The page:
Will Students Return To Public Schools After The Pandemic?

By Will Flanders and Cori Petersen of the Wisconsin Institute for Law & Liberty; submitted by RealClearEducation.

“She’s a happy kid, a good student, and the virtual learning was a disaster for us,” said Erin Haroldson of Mount Horeb, Wisconsin, whose eight-year-old daughter was receiving virtual education from her local public school last spring. When it looked like schools would go virtual again this fall, Haroldson asked her daughter if she would rather continue at Mount Horeb or start in person at a new school, where she would need to make new friends.

When her daughter responded “Mom, I want to go to a new school,” the Haroldsons enrolled her in High Point Christian School in Madison.

The Haroldsons are not alone. According to a new Wisconsin Institute for Law & Liberty (WILL) study, the state’s public schools saw an unprecedented enrollment decline this fall, and the school districts that started virtual learning at the outset of the school year lost the most students. Across the Badger State, the average district saw an enrollment decline of 2.67%. Districts that went fully virtual drove this decline, seeing an average 3% decline in enrollment.  

These numbers may seem small, but they represent a meaningful number of kids. In Madison, enrollment declined by 995 students; in Milwaukee, by 2,335 students. These drop-offs were driven in part by smaller pre-kindergarten and kindergarten enrollment. 

Wisconsin’s experience is consistent with national trends. New York City Public Schools, the nation’s largest school district, is enrolling about 19,000 fewer students. According to Chalkbeat, the city’s most affluent public schools have seen a decline of 12%, while enrollment at the city’s lowest-income schools has dropped 4%. Enrollment in the Los Angeles Unified District, the nation’s second-largest district, has been dropping since its peak in 2003, when it reached 750,000 students. As of April, EdSource reported that enrollment had dropped to below 600,000. According to NPR, Los Angeles Unified is down about 11,000 students this fall. 

If students are going to receive a virtual education, some parents prefer that they be taught by the remote-learning experts – virtual charter schools. Enrollment in K12, the largest virtual charter school in the U.S., grew from 123,000 last year to 170,000 as of August. In Wisconsin, some parents are using the state’s open-enrollment program to send their children to one of the 44 districts with a virtual charter school; these districts have seen an average 4.5% increase in enrollment relative to others. In Oklahoma, virtual charter schools went from educating 19,000 students to 33,000 this year, and, according to ChalkBeat, virtual charters in states such as Michigan, Oregon, Utah and Pennsylvania have experienced similar growth.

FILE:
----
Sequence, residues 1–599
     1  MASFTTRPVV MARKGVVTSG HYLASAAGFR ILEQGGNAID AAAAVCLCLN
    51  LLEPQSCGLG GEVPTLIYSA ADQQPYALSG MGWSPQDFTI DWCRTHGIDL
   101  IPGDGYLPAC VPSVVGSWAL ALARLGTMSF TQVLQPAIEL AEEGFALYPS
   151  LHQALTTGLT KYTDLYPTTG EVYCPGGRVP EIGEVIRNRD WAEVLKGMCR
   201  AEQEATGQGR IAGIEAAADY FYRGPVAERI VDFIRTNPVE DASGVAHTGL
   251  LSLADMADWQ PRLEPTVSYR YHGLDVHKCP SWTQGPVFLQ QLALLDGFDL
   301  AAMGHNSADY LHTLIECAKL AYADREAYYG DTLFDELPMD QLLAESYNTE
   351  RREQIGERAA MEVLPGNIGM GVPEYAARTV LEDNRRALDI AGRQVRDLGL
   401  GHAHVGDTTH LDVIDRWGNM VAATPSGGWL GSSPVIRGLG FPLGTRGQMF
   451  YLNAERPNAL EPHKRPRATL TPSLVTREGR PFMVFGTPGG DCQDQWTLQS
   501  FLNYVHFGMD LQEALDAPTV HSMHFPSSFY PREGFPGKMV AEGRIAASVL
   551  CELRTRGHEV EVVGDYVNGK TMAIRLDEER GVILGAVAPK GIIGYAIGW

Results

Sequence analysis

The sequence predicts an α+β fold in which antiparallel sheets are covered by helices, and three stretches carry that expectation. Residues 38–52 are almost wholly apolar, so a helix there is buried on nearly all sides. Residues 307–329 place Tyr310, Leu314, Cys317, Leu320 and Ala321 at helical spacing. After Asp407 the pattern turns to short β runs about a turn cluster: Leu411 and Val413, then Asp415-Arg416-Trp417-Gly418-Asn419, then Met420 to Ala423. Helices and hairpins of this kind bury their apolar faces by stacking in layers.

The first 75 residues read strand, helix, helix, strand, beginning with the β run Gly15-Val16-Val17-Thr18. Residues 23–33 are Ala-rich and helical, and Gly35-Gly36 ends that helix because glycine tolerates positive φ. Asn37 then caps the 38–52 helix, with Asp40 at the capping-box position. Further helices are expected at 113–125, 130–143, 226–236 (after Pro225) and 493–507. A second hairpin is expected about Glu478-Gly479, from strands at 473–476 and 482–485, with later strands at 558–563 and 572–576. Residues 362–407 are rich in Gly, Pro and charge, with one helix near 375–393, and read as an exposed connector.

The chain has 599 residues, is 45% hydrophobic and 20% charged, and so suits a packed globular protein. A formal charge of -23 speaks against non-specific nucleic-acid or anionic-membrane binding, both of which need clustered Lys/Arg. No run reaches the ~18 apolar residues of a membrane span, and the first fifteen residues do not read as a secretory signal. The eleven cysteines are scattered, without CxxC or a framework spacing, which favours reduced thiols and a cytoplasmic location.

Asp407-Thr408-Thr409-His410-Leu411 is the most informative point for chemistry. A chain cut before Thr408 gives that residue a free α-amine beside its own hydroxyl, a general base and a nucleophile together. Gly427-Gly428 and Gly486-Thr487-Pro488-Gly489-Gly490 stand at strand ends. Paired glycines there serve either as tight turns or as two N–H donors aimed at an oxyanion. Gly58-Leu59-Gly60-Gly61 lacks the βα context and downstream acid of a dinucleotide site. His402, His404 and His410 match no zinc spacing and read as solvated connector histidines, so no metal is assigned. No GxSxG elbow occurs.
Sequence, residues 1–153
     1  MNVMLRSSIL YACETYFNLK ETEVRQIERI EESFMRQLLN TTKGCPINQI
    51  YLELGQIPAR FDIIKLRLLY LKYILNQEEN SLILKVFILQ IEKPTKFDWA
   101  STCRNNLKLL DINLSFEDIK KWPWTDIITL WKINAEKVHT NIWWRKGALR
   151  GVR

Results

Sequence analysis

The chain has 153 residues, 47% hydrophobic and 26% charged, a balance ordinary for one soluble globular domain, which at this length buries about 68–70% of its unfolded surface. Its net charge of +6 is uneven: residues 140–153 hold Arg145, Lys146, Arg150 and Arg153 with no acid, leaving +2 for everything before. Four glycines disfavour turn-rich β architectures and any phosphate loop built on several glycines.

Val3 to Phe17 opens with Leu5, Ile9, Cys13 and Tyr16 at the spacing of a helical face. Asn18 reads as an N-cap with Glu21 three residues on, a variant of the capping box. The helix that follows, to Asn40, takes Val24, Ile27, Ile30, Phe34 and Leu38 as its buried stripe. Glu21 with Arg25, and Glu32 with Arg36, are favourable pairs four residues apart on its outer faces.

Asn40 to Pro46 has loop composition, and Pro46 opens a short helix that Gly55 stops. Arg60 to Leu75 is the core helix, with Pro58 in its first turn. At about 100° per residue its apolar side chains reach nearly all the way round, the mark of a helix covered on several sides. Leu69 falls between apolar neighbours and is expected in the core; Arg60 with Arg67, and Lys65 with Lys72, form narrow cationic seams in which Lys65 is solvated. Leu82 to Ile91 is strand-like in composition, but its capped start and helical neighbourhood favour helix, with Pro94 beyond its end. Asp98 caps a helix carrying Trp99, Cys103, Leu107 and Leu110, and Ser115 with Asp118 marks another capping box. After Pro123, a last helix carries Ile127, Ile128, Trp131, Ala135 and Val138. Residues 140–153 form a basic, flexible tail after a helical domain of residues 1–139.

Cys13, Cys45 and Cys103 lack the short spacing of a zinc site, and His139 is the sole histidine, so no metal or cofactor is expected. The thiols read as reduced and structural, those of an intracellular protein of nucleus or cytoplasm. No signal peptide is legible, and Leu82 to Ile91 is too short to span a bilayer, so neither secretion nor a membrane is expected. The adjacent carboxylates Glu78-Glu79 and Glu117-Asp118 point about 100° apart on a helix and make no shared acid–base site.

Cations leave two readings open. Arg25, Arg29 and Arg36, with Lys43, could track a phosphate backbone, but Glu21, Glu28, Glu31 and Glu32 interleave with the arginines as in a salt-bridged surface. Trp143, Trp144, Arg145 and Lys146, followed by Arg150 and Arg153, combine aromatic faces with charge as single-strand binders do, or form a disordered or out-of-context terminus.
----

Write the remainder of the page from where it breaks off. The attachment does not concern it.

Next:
Other parents, however, like the Haroldsons, still want their children to be educated in person, despite the pandemic. They believe that the benefits of in-person education outweigh the potential consequences, since children are low risk. This belief is consistent with guidance released in August by the American Academy of Pediatrics and other scientific research. A research effort led by economist Emily Oster from Brown University looked at data from 200,000 students across 47 states and found that students seem less susceptible to COVID-19 and don’t spread the virus like adults do. 

But if the science says it is low risk for students to be in person – and many parents agree, to the extent that they’re willing to arrange alternative in-person schooling for their children – then why are these districts going virtual? A study that WILL released last month suggests that teachers’ unions played a big role in these decisions. In fact, in Wisconsin, the presence of a teachers’ union in a district played a larger role in whether schools went virtual than the presence of COVID-19 in the community. Of the 36 Wisconsin school districts that began the year virtually, 81% had a teachers’ union. A national study, put out in September by Cory DeAngeles and Christopher Makridis, suggests that strong teachers’ unions played a leading role in shuttering districts across the U.S. They found that in states with right-to-work laws, schools were 14 percentage points more likely to open than in states without those laws.  

The Haroldsons plan to keep their daughter at High Point Christian even after the pandemic is over. Wisconsin’s choice programs are growing fast, enrolling more than 2,700 new students throughout this last year. Whether it’s through such choice programs outside of public schools, or through public school programs such as open enrollment between districts, enabling parents to make the educational choices that they feel are best for their children is more important than ever.